NORTH LITTLE ROCK, Ark — If you're going to be outside this summer, you'll want to check where you're stepping-- poison hemlock is spreading across the state.
The name is befitting since the plant can grow up to 10-feet tall and can be deadly to humans and livestock if ingested.
The Arkansas Department of Agriculture said the plant is primarily found in the northern part of the state, but it's starting to spread down to central parts.
Paul Shell is a part of the Plant Industries Division with the department. He said eating even small amounts of the plants can kill livestock.
"There is not a skin reaction in most people. However, everyone needs to avoid touching it because you can still spread it to your eyes, nose, and mouth," said Shell.
As far as what you should keep an eye on, these are the symptoms for Hemlock poisoning which can show up between 30 minutes and an hour.
- burning in the digestive tract
- dilated pupils
- muscle pain and weakness
- rapid heart rate
- unconsciousness or coma
Officials said that it's important to remain aware and careful as poison hemlock can often be mistaken for another plant, Queen Anne's Lace.
The key difference between the two comes in the color of the plant.
"Hemlock has kind of purple maroon-ish blotches on the stem," said Shell.
Over at the St. Joseph Center's Community Garden in North Little Rock, manager Rachelle Kelly discussed the dangers of the plant. She said that it can be very dangerous if you touch it, smell it, or even burn it-- there's also currently no antidote for it either.
"You want to have it irradiated, so if you're pulling it from your gardens you want to use gloves. You make sure that you're putting it in a trash bag and disposing of it, you're not actually putting it back in to the soil," said Kelly.
When you look around the garden, you can find a wide variety of beautiful colors and plants on the 63 acres of land at St. Joseph Community Center.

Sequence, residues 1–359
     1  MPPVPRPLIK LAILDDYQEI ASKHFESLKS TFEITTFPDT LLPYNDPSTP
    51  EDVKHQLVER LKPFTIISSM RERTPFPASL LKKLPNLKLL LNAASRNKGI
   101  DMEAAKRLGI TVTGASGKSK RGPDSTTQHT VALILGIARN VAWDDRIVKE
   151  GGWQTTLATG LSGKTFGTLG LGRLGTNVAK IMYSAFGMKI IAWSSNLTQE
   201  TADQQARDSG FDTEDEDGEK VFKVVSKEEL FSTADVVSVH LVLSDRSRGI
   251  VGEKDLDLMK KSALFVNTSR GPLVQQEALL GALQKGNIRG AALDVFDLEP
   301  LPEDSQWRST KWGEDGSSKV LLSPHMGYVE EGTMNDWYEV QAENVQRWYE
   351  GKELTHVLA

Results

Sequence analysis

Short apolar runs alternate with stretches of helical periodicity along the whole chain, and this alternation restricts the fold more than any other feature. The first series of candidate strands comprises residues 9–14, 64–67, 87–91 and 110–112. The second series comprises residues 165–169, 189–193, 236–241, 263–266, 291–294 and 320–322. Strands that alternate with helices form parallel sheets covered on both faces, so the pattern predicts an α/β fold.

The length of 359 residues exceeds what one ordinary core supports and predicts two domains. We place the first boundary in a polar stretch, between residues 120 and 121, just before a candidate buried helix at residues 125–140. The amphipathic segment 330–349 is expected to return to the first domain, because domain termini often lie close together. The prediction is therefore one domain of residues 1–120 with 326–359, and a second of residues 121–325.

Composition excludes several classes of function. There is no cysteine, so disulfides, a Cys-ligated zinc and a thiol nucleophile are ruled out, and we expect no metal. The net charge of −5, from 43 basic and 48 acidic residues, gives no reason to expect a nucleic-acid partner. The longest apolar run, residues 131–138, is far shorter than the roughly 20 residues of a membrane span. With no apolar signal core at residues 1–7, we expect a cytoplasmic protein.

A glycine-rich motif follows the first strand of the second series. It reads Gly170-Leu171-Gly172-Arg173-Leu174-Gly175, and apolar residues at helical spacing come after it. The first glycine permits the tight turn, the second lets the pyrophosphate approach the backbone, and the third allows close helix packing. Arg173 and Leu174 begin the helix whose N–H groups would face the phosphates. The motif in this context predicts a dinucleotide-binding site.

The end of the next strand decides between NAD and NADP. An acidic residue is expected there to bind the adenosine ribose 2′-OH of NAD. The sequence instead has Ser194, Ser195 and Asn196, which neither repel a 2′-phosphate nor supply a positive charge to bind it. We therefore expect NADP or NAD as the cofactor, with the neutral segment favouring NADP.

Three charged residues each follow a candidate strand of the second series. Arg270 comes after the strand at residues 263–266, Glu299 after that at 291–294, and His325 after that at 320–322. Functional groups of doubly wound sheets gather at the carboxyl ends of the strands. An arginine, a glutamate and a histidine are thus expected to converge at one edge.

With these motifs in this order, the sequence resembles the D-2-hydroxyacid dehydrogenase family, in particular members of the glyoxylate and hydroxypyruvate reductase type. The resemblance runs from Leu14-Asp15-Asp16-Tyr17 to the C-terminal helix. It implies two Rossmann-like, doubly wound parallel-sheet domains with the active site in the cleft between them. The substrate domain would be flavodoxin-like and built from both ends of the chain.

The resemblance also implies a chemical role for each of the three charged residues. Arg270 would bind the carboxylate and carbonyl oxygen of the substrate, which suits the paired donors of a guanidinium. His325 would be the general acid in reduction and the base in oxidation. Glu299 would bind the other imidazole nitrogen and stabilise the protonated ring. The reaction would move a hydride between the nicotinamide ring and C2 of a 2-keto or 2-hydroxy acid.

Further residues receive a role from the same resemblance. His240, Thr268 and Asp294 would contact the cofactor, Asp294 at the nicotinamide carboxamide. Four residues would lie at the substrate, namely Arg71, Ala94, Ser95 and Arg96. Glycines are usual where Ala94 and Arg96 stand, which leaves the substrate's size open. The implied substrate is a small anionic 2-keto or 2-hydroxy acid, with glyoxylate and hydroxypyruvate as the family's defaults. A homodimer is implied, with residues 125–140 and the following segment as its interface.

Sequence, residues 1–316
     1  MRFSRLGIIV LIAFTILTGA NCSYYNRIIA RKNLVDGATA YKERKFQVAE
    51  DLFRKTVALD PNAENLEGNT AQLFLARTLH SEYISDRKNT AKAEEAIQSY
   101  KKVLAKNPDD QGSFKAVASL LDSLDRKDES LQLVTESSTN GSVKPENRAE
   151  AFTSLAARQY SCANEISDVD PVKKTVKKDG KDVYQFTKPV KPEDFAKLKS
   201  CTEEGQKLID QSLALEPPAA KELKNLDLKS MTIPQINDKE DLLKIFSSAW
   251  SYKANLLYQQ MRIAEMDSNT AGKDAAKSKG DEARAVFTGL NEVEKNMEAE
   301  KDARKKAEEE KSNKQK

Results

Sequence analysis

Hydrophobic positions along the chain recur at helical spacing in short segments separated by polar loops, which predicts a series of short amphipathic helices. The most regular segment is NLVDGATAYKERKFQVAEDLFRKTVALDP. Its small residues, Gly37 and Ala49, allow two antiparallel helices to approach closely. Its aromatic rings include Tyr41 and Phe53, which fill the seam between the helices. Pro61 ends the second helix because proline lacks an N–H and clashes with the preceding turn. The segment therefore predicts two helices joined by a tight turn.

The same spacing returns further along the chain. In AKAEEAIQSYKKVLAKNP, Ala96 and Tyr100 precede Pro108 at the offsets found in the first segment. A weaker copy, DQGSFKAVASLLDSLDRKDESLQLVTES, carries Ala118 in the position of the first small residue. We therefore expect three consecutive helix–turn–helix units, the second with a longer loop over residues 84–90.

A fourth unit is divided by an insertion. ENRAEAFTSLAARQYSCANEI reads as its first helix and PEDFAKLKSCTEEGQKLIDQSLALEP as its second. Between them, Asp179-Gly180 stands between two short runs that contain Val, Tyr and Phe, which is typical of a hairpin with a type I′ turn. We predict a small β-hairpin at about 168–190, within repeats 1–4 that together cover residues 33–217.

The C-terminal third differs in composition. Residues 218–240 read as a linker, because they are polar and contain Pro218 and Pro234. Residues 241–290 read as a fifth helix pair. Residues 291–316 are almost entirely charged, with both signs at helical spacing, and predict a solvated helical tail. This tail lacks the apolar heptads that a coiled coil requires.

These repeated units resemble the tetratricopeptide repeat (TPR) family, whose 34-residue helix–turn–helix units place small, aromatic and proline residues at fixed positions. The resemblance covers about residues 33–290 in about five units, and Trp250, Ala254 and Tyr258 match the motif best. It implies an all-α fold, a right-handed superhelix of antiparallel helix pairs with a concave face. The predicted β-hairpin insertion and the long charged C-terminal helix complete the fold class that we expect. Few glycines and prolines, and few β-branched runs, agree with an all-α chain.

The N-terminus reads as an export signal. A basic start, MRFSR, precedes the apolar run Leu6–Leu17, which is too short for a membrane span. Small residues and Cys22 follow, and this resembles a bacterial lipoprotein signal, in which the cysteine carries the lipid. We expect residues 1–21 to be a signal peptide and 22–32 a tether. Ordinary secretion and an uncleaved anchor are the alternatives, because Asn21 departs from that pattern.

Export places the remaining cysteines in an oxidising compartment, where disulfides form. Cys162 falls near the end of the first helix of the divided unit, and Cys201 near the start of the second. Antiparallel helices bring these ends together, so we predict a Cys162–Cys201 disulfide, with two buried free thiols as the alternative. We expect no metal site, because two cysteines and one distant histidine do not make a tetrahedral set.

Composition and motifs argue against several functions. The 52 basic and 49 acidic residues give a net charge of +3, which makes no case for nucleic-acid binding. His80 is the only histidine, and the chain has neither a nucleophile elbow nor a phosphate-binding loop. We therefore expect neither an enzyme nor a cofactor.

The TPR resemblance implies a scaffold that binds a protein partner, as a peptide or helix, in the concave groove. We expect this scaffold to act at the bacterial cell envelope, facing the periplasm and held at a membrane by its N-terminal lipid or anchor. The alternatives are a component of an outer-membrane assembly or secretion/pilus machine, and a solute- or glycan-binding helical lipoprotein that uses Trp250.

"You feel like you're out of the city. You feel like you're out in the country. I have a plot in that community garden and I've been there for a number of years. There's a lot of nature around so it's just a perfect little oasis," said Ruth Landers, master gardener and naturalist.
Unfortunately, they're experiencing a small patch of poison hemlocks in a ditch away from the livestock and gardens.
"Obviously, this is not something that we really want here, but in Arkansas this is actually water hemlock which is very toxic and poisonous," said Landers.
Landers said they had less poison hemlocks last year, but with more rainy weather pouring into the ditches, it meant more cases of the poisonous plant popping up.
Their plan now an obvious one-- they want to get rid of them.
As for the Department of Agriculture, it's a similar feeling as Shell said poison hemlock is a biennial plant with the lifespan of two years.
"In it's first year it's going to just have a small clump of leaves at the base and then in the second year it will put up a flower stock, and then those flowers will eventually become seeds that will eventually become plants," said Shell.
He suggests getting rid them in the first year with a herbicide.
Experts said if you have plants that are already flowering, the best thing to do is to mow them to prevent those flowers from becoming seeds.